After the tragedy at the Sandy Hook Elementary School in Newtown, Connecticut at the end of 2012, President Obama created a task force to figure out how to respond as a nation to gun violence.

Headed by Vice President Biden, that group took only a few weeks to come up with a list of necessary actions. On that list were universal background checks for all gun sales and improving mental health services. A bipartisan bill was offered in the Senate to make these important gun safety improvements. It was called the “Public Safety and Second Amendment Rights Protection Act.”

“Background checks work,” stated the president of the International Association of Chiefs of Police at the time. “Keeping firearms out of the hands of prohibited purchasers is a key factor in reducing gun violence in our communities and protecting our officers.”

Even with the momentum after Newtown, the U.S. Senate failed to pass this bill. At the time of that vote, various polls showed 90 percent of the public favored expanding universal background checks.

Now, the action is on the state level, as evidenced by the Oklahoma law change.

A federal law designating schools as “gun-free zones” passed in the early 1990s and school-related homicides decreased as a result. The Gun Free School Zones Act, however, does not apply to persons who have a license to carry concealed firearms and they are kept in certain places.

So, this seems to be where the focus is: loosening restrictions on where concealed guns can be carried.

 A Teacher’s View of Guns in Schools

In a February 2015 story on National Public Radio, a Colorado teacher – where there is a strong push for gun owners’ rights to carry guns on school property – expressed concern about arming teachers.

She said, “I think that’s a really short-sighted, reactive solution. I feel like we need to be looking at a different conversation. And that conversation is, how do we prevent violence from even entering that school.”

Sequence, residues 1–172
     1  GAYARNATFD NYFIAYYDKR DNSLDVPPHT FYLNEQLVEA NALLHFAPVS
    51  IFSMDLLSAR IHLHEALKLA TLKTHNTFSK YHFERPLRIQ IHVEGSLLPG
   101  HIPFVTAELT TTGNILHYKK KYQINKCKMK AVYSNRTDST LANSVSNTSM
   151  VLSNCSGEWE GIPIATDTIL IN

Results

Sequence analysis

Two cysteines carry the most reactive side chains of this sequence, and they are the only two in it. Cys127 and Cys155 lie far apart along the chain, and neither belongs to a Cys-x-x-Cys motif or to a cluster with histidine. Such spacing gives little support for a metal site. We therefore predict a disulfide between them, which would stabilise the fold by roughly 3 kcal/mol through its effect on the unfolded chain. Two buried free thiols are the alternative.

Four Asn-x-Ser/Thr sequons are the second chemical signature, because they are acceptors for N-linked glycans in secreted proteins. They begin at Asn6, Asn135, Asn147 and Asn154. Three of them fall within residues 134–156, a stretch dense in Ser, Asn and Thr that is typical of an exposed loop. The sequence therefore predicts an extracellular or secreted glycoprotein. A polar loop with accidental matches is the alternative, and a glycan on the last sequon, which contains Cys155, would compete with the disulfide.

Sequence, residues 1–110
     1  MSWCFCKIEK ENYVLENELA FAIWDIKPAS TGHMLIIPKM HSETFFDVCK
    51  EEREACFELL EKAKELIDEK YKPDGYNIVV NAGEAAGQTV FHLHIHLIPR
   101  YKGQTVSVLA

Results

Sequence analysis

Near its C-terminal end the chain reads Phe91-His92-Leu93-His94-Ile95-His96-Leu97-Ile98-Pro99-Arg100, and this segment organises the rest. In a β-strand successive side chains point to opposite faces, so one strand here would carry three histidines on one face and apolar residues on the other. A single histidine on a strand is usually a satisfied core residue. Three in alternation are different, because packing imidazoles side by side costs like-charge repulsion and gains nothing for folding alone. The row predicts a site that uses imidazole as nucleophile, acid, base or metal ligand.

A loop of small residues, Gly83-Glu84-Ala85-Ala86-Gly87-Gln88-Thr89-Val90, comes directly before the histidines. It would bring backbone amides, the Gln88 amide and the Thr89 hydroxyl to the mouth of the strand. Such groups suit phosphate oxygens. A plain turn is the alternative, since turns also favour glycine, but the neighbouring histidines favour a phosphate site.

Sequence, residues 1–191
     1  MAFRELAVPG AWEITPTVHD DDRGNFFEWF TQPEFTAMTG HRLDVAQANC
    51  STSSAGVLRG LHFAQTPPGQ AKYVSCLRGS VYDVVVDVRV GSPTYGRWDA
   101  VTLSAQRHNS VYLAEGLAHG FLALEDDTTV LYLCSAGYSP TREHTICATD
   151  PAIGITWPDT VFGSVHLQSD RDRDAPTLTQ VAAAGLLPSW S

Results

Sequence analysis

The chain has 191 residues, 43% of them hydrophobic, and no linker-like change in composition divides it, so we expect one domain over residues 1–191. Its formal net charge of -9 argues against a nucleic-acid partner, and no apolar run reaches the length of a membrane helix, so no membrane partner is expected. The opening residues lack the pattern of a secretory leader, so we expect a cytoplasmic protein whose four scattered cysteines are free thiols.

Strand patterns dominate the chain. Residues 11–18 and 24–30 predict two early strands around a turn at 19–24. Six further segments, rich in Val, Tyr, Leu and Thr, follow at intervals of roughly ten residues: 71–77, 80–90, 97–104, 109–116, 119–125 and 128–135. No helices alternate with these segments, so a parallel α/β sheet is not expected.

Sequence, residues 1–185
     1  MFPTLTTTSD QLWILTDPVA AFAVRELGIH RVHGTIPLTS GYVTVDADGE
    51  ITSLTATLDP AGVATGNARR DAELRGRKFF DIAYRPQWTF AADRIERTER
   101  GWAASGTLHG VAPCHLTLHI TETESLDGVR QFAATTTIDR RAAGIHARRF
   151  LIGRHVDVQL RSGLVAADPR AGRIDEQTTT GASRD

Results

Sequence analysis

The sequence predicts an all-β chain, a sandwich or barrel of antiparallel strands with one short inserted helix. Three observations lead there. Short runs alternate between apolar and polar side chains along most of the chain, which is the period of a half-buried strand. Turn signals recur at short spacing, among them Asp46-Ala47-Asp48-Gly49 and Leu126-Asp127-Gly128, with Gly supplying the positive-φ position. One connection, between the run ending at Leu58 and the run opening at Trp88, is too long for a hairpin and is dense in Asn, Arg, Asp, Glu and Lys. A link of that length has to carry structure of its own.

The teacher, Katie Lyles, who was a sophomore at Columbine High School in 1999, added, “People don’t really understand the logistics of being in a school. If I had a gun, kids are around me all the time. They’re giving me hugs. So where do I keep the gun?” She questioned about getting to a gun in time and even if she did, could she trust herself to use it.

“Kids and guns don’t mix. And schools have kids, so therefore schools and guns don’t mix.”

I agree with Ms. Lyles. We need to be having a different, more powerful, conversation.

It can start by facing this fact: U.S. children and teens are 17 times more likely to die from guns than their peers in other high-income countries.

So, what are we doing about this issue? We are arming teachers. Does that make sense to you? It doesn’t to me.

We have to face these facts and push our leaders to enact sensible polices and promote practices that really protect citizens, especially children.


About Debbie Wesslund

I served on the Jefferson County Board of Education, Louisville, KY, from 2007-2014 and continue to be an advocate for public schools. There’s a high-level dialogue about public education that swings from positive to negative, with many who seek the spotlight voicing an inaccurate picture of our public schools. Words matter. They get lodged in our public perceptions, creating a narrative that doesn’t reflect the real story. There’s so much more to public education, and much worth applauding in Kentucky and across the country. The stakes are high: public education is the most serious public business we are about as a community, a state and a nation. We must continually renew our resolve to support public education. There’s always more promise in building something up, than in tearing it down.